On Saturday at a protest calling for the defunding of Montgomery County Police, Councilmembers Will Jawando and Hans Riemer announced that they would introduce legislation that would remove school resource officers from Montgomery County Public Schools. They will recommend that these funds be used to increase mental health resources, including counselors, and nurses.

Councilmember Jawando stated that:

“It’s not just enough to remove the potential harm of the police, you’ve got to invest that money into things the kids need. … It’s our job to say what our police can and cannot do,” Jawando said in an interview on Saturday. “We pass the laws and the executive has to implement them. It’s totally within our rights since this SRO program is totally funded through the police budget, that we would say, ‘Hey, you can’t do that.’”

Jawando, Riemer announce bill to get rid of police officers in schools

Previously, the Montgomery County School Board requested further research into the issue before making a decision. When this issue was brought before the Montgomery County Council, several members were reluctant to make any changes and tabled the discussion until the Board of Education made recommendations.

Data that is currently available has shown that Black youth are disproportionately arrested at MCPS schools. This correlates with findings nationally.

If you support the removal of police from schools, you should email all of the Councilmembers, as well as the County Executive. Their e-mails are below. If you need a template for what to say, I’ve placed what I sent below as well.



Dear County Executive Elrich, Council President Katz, and members of the County Council,

My name is Vito Anastasia and I live in Bethesda. I’ve lived in Montgomery County for the past five years and have decided to make it my home. In the past few years I’ve been an active member of the local queer community, a member of the LGBTQ Democrats of Montgomery County, and have started MoCo Local as a passion project.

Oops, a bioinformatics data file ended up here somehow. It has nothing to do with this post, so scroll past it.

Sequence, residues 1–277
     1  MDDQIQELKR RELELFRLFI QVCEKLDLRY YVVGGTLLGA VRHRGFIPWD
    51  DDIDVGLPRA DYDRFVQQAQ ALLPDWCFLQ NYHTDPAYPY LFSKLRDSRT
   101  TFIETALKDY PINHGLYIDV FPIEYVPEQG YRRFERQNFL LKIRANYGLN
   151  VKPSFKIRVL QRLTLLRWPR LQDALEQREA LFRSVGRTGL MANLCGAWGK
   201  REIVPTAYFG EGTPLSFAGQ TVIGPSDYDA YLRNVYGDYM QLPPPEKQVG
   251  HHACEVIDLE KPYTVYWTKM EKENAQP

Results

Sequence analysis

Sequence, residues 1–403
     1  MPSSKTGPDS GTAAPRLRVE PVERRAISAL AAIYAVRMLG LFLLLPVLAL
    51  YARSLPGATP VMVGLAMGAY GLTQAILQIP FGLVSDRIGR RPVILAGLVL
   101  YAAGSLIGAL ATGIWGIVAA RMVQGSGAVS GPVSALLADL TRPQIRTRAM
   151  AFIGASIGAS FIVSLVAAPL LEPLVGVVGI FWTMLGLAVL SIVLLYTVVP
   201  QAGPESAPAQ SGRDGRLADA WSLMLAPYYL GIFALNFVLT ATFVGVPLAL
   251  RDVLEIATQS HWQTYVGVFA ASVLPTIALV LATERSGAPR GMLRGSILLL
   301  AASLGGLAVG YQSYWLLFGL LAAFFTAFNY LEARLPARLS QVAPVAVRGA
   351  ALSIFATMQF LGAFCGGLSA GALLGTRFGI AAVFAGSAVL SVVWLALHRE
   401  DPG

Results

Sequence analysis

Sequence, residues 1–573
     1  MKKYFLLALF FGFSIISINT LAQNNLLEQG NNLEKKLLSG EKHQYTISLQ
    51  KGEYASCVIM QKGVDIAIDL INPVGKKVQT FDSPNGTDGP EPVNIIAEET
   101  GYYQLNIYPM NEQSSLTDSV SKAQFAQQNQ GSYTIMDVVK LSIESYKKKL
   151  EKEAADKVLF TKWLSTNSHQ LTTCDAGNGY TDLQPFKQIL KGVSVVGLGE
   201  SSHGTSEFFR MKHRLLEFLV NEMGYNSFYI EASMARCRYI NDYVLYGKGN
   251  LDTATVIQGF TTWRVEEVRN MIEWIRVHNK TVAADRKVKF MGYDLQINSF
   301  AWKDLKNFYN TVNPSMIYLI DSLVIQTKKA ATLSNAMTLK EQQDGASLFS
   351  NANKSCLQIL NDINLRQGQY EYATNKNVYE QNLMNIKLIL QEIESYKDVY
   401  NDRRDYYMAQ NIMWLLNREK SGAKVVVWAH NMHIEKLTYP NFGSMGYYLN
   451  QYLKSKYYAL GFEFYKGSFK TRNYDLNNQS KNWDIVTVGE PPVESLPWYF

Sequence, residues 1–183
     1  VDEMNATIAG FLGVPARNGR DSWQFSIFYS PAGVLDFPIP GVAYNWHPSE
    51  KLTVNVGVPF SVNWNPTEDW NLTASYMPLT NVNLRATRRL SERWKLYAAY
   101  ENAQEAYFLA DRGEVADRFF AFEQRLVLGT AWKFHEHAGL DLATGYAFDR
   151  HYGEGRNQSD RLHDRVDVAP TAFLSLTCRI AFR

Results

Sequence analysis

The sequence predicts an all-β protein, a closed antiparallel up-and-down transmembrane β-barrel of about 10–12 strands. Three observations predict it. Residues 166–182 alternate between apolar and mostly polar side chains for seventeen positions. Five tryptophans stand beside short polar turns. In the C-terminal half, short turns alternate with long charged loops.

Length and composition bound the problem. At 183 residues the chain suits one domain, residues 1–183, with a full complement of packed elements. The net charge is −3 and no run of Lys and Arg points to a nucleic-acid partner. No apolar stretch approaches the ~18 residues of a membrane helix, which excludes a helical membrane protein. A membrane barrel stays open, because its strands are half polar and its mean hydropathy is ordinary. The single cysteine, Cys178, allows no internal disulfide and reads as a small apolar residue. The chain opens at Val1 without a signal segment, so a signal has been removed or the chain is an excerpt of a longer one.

I write to you today to ask that you abolish School Resource Officers from Montgomery County Public Schools. Councilmember Jawando and Councilmember Riemer will be introducing legislation to do just that and I urge you to support it.

We know that Black students make up just 21% of the student population but account for 48% of arrests at MCPS. We also know that Maryland incarcerates Black youth and adults at much higher rates than many other states. Students do not need police in schools. They need more counselors, access to more and better programs for youth, workforce development opportunities, and free, safe public spaces. We have got to stop criminalizing and penalizing students when we do not offer adequate services to help them navigate all of the struggles that they face. We have to end the school to prison pipeline.

I urge the County Council to abolish the School Resource Officer program and instead:

  1. Reinvest funds into mental health programs and resources, including additional counselors
  2. Reinvest funds into more full-time nurses
  3. Invest in harm reduction programs including affordable housing, homelessness services for youth, workforce development, and dedicated free and safe spaces for youth

Police do not prevent crime, they react to it. We have been witness to countless murders at police hands and have seen how different Black youth and adults are policed versus white youth and adults. We have to do better.

Best regards,

Vito Anastasia